Intertrust Technologies

Intertrust Technologies is an interesting company. It was founded in 1990 or so by Victor Shear, whose roots were in the CD-ROM and online publishing world, and Victor and a small group of others spent the first five or so years in deep stealth mode, defining claims regarding digital rights management (DRM) processes. My own involvement with the company began right on the heels of my leaving Emedia Professional, when I was asked to check out potential DRM competitors at an East coast conference.  Within a couple of months I was out in Silicon Valley helping develop white papers and marketing collateral, and then, off site, researching various companies and business models for reports on topics including the following:

  • Internet-based music;
  • Digital cable and television;
  • Online privacy issues and legislation;
  • Healthcare and privacy legislation.

Keep in mind that this was 1998, and Napster was still ahead and the Web as we know it, was still pretty raw.

This was a great gig, and it was great to work with people who looked far ahead.  Of course, Intertrust had its ups and downs: the company had its IPO in the late 1990s and at some point peaked with a valuation in the $4 billion range, and then dropped pretty hard.  Perhaps part of their problem (beyond the widely overblown expectations that had grabbed hold in the tech marketplace known, eventually, as dot com) was that Intertrust was facing off with Microsoft in a patent infringement battle, and as share prices dropped from triple-digit to single-digit sums, the company went private.  As stated in the Intertrust Corporate History web page “…in 2003, Intertrust became a private joint-venture owned by Sony, Philips and Stephens Inc. Today, Intertrust is an independent, privately held company headquartered in Silicon Valley.”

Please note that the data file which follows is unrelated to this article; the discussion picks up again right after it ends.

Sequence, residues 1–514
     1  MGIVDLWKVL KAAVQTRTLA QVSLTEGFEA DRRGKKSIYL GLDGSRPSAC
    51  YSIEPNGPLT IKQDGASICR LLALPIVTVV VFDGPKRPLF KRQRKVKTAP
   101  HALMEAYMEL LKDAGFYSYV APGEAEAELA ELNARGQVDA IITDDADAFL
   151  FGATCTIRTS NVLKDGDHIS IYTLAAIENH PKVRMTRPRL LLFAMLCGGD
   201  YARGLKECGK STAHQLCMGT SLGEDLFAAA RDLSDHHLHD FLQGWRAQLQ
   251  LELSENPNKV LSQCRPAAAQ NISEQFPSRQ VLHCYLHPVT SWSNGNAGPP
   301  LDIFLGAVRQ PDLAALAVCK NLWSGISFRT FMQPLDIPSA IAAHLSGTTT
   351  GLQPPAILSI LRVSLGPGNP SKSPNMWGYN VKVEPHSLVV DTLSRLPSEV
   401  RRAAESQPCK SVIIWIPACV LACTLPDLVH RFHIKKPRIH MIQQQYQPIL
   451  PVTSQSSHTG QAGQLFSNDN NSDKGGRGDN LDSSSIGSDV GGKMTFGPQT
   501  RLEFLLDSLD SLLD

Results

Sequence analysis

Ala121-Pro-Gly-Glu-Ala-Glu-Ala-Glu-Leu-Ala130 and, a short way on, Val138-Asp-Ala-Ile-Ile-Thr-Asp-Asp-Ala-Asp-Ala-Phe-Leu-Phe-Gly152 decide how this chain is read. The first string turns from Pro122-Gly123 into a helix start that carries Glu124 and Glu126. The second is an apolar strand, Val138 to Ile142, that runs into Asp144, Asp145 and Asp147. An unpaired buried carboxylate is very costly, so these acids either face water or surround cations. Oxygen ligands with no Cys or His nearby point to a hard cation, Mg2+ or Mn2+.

The share buy back, I’ve heard, cost around $440,000,000, which, more or less, was what Microsoft ended up paying to settle the patent infringement suit and to license up. Intertrust’s growth has been strong and steady since, and while it remains mostly behind the scenes, it describes itself as:

… a market enabler, embracing the process and outcome of open standards and joint development efforts as well as incubating start-ups. The company’s believes these efforts are necessary and effective tools to market adoption.
In 2005, Intertrust promoted interoperability among disparate DRM technologies as a founding member of the Coral Consortium. The company participated in the Open Mobile Alliance (OMA) DRM specification and joined forces with leading consumer electronics firms and formed Marlin, the first standards-based content sharing technology platform, with Panasonic, Philips, Samsung, and Sony.
In early 2006, the Marlin group formalized its efforts and launched the Marlin Developer Community (MDC), an open standards community development initiative and the Marlin Trust Management Organization (MTMO), a neutral trust management licensing organization. Intertrust created Seacert, a trust services subsidiary, which served as proponent and facilitator for these efforts.
During 2007 and 2008, the company continued to promote the use of open standards for consumer media distribution, facilitating Marlin adoption and the development of a Marlin-enabled consumer content distribution ecosystem. Additional global technology firms licensed Intertrust’s patents, including company’s like Adobe whose focus goes far beyond consumer media distribution.

My first blog post for the Gilbane Group was titled “Is Anyone Still Talking about DRM Transactional Infrastructure?” and it was informed, in large part, by the vision of Intertrust.  Unfortunately, if anyone is talking about fulfilling what may be the last essential piece of digital publishing infrastructure, they are still pretty much sub silentio, if not sub rosa.

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